Considering the enormous advantage the U.S. when vaccines first became available last winter, it’s frustrating to see how far behind we are in getting people vaccinated. But is that really unusual? Leaving aside politics (admittedly a difficult thing to do these days), we’re historically averse to getting vaccines that aren’t required by law: in 2019-20, just as we were becoming aware of COVID-19, only 51.8% of Americans six months and older got that year’s readily-available influenza vaccine, according to CDC data. Our current COVID-19 vaccine rate of 57% is just slightly higher than that figure.

COVID-19 has declined again across most of the U.S. As of November 3, there are hotspots in Minnesota, Colorado, Arizona, New Mexico, and parts of Maine, New York, Michigan, and Alabama. But it’s nothing like early September, when infections were rising nearly everywhere. While the college where I’m employed requires masks inside campus buildings, in the rest of town it’s very rare to see anyone wearing a mask in a restaurant, grocery store, or other retail business. Yet our numbers remain low, including the Rt number I’ve discussed before.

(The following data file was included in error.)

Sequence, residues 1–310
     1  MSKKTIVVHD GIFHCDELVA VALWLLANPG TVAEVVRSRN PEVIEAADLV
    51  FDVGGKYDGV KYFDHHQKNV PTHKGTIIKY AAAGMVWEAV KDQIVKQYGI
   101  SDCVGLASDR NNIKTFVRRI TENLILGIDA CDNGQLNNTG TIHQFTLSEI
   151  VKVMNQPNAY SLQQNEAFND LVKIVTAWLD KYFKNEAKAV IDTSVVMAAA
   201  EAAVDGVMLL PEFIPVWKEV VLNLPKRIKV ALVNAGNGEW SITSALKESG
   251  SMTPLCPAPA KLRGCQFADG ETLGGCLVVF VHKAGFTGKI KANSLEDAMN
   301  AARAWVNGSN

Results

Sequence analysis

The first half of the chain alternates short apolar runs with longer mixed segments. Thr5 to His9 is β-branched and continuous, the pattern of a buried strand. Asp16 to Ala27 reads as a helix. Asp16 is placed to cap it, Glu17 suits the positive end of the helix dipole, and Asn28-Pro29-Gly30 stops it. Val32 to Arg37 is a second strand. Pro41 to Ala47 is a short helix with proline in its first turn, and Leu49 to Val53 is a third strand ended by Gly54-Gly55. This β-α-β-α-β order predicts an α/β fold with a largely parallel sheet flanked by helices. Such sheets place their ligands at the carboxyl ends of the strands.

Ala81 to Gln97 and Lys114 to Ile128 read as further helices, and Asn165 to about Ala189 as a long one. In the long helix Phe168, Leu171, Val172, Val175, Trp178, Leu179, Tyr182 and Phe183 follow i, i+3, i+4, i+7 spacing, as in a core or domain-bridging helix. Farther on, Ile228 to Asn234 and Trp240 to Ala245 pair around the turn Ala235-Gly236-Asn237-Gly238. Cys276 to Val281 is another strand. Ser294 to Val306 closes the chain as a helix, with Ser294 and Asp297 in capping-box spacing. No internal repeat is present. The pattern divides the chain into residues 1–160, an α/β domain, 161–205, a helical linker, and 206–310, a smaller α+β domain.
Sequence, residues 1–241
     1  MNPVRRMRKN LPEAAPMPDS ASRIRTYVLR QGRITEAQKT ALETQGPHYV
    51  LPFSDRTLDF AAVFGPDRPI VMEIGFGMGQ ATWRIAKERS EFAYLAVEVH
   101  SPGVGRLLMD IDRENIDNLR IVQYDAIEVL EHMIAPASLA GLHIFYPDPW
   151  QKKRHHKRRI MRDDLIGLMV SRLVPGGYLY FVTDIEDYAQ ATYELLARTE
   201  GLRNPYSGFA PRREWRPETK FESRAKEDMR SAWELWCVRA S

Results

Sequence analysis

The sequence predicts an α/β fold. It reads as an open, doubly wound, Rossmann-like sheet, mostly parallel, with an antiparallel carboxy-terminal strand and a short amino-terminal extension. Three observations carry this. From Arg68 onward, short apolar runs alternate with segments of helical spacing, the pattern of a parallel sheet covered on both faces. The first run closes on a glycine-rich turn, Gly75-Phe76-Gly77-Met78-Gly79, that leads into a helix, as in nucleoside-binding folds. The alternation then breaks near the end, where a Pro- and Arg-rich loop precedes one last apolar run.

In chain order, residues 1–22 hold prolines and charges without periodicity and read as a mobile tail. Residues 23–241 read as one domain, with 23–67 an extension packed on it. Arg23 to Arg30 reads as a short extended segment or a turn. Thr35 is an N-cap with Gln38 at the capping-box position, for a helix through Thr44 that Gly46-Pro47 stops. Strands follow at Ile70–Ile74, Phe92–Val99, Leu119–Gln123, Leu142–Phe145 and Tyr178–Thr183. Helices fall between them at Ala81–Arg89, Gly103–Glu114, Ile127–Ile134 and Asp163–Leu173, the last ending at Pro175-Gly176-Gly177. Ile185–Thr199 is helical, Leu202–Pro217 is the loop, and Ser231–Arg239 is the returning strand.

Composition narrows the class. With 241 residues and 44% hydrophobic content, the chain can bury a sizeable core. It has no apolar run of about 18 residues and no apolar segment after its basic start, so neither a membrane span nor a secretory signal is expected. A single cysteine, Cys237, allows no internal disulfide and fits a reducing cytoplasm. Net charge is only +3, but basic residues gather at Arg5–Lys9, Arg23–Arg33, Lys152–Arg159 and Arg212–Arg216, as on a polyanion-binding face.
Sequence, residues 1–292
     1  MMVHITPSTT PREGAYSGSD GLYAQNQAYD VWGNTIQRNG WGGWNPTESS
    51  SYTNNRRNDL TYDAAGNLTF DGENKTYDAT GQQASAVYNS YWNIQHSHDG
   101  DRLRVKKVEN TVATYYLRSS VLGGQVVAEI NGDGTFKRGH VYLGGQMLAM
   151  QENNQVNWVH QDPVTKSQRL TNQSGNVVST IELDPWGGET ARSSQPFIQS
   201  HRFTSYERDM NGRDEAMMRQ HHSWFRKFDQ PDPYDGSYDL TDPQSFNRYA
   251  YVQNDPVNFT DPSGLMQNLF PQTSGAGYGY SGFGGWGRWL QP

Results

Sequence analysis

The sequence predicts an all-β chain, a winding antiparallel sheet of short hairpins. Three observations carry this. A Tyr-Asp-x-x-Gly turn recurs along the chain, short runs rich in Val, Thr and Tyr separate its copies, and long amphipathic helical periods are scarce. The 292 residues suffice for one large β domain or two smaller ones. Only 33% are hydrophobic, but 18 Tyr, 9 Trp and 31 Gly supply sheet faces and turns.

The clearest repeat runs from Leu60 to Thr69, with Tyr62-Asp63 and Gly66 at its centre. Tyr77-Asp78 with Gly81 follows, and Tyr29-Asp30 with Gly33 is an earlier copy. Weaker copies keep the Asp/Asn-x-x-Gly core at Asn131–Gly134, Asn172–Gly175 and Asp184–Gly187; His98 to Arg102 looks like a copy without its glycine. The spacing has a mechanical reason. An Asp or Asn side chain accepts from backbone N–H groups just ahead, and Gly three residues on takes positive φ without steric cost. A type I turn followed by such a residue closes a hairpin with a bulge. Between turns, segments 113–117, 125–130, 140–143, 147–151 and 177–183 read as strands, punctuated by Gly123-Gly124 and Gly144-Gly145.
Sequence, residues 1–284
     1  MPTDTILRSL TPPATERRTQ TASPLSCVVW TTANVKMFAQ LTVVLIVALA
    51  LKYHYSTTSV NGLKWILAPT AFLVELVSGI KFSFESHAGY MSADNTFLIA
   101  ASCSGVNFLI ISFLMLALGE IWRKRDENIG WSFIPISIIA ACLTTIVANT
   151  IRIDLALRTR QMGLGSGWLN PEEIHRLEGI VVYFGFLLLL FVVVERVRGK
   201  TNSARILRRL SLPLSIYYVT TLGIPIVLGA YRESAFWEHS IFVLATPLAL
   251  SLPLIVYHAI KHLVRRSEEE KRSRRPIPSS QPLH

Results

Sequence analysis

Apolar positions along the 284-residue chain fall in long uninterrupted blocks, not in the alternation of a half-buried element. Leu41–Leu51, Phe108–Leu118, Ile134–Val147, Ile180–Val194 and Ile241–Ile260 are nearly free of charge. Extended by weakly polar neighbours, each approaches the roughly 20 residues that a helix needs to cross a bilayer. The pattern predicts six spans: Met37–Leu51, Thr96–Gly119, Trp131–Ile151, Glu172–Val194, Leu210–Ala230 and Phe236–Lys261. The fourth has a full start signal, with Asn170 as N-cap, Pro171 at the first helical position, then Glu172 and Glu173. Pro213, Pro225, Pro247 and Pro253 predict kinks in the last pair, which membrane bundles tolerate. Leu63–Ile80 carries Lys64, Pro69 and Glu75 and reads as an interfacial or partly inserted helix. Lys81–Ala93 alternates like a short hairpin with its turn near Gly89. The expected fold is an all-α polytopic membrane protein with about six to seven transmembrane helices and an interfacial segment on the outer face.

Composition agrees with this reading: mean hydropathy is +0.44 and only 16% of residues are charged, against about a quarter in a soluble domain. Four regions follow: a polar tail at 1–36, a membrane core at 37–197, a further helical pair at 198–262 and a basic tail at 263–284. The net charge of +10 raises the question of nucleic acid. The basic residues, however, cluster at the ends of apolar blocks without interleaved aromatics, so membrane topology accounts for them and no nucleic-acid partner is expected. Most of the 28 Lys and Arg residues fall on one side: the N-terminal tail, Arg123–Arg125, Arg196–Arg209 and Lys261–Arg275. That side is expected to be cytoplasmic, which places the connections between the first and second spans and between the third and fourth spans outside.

If the pills from Pfizer and Merck can be rolled out and the costs aren’t prohibitive (not a safe assumption, unfortunately), we might reach a place where, like the flu, at least a slight majority of people have chosen to get a vaccine and those who don’t have a simple, effective remedy. At that point, the realistic goal of turning COVID-19 from a pandemic to an endemic disease could be in sight.

And now, some good news

As we stumble through the last weeks of 2020, there’s some good news:

  • The Pfizer/BioNTech COVID-19 vaccine is being distributed in the U.K., will start to be distributed next week in the U.S., and other countries will soon follow. Other vaccines are also close to approval, either full or emergency authorizations, and should continue to expand the vaccination of humanity against the cause of the biggest social upheaval in the last century. The vaccines are highly effective, have few side effects, and while there will be significant challenges ahead in the logistics of getting people vaccinated, there’s definitely a light at the end of the tunnel. One of the biggest remaining hurdles is getting people who are skeptical or who have bought into disinformation about the vaccines to actually get the shots. Unfortunately, a lot of the people who say they will refuse to get vaccinated are the same ones who won’t wear masks and won’t follow social distancing guidelines.